If it seems like your dog will eat anything you put in front of them (or place on a shelf a few feet above them or hide from them intentionally), you aren’t far from the truth. Their bodies are designed to devour just about anything, and the survivalist instinct to binge on whatever food is placed in front of them is still present in our domesticated friends.
But as a pet parent, you have a responsibility that goes beyond hiding your Halloween chocolates out of reach. Just because that cheap bag of kibble is marketed as dog food doesn’t mean it’s something that should be going inside your dog’s body. Many dog foods are as riddled with preservatives and chemicals as pre-processed food for humans, and there are often less safety regulations in place.
If you’re paying more attention to your dog’s diet, we can help. Here are a few ingredients to keep an eye out for when perusing the dog food aisle.
Tons of dog food manufacturers use dyes to create a more pleasant color scheme with their kibble. And for the most part, that’s not something you have to worry about. That said, there are a number of dyes that are known to cause adverse effects in canines.
Yellow 5 and 6, Blue 2, and Red 50 are particularly notable offenders because they’ve been identified as carcinogens in humans. Ultimately, our color-blind friends don’t care what color their food is. That doesn’t mean rejecting all food with dyes in it, but you may want to scrutinize the ingredients closely to make sure there’s nothing potentially harmful.
Chemicals and Preservatives
As with dyes, preservatives are often a recognized evil in food production, but that doesn’t justify the chemicals that are sometimes put in dog food. Preservatives that have known carcinogenic properties in both humans and animals find their way into the regular recipe of dog food on a consistent basis.
There are three particularly egregious offenders to look for when scanning through the ingredients list of dog food. These aren’t the only potentially dangerous chemicals present in dog food, but they’re well worth paying attention to.
Steer away from any product that mentions butylated hydroxytoluene (BHT) or Butylated Hydroxyanisole (BHA) are to be avoided as they’re both known carcinogens. Also keep an eye peeled for ethoxyquin. Despite being banned for human consumption, it’s still allowed for use in dog food. It commonly goes unlisted but frequently appears in dog food that uses fish meal.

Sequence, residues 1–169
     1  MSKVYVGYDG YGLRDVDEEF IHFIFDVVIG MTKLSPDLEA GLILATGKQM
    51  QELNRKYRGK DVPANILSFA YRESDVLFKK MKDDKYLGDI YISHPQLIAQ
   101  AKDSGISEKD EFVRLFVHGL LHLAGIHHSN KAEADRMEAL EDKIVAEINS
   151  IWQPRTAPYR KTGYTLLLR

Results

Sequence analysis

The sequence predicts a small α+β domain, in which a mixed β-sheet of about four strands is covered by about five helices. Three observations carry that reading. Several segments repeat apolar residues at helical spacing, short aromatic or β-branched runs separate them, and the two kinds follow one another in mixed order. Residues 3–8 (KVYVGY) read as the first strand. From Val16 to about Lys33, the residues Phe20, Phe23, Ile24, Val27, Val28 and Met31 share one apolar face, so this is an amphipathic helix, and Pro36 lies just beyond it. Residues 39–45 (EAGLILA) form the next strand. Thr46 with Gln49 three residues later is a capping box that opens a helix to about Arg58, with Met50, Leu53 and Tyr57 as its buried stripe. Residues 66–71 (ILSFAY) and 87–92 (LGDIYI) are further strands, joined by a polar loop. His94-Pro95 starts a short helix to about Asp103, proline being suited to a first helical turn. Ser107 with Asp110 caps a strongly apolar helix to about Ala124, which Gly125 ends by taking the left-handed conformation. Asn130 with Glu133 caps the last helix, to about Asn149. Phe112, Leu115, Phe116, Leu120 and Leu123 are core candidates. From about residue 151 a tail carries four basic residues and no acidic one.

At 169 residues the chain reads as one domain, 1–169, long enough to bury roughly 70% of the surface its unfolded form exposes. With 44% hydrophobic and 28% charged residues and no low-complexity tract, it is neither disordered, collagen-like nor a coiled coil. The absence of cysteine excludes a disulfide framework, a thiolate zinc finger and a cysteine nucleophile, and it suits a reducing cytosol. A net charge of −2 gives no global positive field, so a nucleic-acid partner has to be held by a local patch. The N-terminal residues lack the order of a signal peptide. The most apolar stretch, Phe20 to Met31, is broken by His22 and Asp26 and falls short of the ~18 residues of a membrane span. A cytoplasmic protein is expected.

The Things You Don’t Read
Just because it’s not listed on the label of your dog food doesn’t mean that it’s not present. Dog food manufacturing is held to appallingly low standards. In some cases, the presence of unwanted byproducts is simply an issue of carelessness on the parts of manufacturers, but it’s an issue that’s sometimes approved of by the FDA.
Among the byproducts allowed by the FDA in dog food are waste from rodents, birds, and insects. Moreover, the regulations that ensure that meat can be used in dog food essentially allow anything that’s technically meat.
What You Can Do
Finding the right food for your dog can be tricky. While dogs can devour just about everything, that doesn’t mean that you shouldn’t be scrutinizing. Unfortunately, most people don’t have a chance to inspect the floor on which their dog food is made.
That means it’s important to go beyond the ingredients label and pay attention to the reputation of your dog food provider. Quality dog food manufacturers are open about disclosing their ingredients and their working conditions, and user reviews can help you get a bearing on the actual quality of their product.